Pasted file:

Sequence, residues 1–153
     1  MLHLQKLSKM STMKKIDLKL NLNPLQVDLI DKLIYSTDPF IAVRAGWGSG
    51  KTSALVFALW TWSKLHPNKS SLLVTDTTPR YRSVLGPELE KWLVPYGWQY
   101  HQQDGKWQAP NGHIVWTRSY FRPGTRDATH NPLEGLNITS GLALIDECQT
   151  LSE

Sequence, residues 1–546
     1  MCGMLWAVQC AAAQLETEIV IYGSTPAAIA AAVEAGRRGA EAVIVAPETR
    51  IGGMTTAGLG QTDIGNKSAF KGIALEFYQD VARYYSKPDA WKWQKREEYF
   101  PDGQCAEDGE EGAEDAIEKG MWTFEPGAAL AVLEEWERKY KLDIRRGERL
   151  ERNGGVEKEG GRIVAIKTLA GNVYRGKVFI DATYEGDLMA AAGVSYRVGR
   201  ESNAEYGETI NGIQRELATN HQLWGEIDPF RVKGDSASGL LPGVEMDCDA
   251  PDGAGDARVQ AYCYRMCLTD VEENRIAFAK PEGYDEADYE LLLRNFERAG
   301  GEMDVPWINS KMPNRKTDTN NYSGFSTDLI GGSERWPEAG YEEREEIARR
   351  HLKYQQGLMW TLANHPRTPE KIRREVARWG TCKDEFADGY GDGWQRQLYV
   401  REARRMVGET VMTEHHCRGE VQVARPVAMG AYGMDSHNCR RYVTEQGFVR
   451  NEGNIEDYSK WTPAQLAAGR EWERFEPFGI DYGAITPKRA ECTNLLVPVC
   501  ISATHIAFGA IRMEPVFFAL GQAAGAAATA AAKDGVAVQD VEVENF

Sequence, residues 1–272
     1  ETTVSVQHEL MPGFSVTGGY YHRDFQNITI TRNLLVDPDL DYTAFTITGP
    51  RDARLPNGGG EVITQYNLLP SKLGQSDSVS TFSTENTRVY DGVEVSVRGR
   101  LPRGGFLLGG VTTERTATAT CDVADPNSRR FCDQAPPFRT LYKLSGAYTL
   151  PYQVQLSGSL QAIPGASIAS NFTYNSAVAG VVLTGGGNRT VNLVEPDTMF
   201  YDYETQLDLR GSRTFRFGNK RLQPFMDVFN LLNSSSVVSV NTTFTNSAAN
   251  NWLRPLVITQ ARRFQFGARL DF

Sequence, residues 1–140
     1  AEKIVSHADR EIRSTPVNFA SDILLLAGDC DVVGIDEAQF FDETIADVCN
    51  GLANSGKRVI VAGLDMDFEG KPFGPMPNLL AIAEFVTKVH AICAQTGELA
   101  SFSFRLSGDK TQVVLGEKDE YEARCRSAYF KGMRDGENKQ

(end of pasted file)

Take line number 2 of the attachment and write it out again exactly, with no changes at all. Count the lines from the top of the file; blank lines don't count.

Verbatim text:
     1  MLHLQKLSKM STMKKIDLKL NLNPLQVDLI DKLIYSTDPF IAVRAGWGSG